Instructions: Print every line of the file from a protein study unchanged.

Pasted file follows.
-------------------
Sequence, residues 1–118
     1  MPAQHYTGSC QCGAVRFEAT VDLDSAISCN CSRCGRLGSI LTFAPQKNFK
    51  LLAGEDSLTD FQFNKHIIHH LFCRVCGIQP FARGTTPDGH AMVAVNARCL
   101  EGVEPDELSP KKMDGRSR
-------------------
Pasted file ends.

Sequence, residues 1–118
     1  MPAQHYTGSC QCGAVRFEAT VDLDSAISCN CSRCGRLGSI LTFAPQKNFK
    51  LLAGEDSLTD FQFNKHIIHH LFCRVCGIQP FARGTTPDGH AMVAVNARCL
   101  EGVEPDELSP KKMDGRSR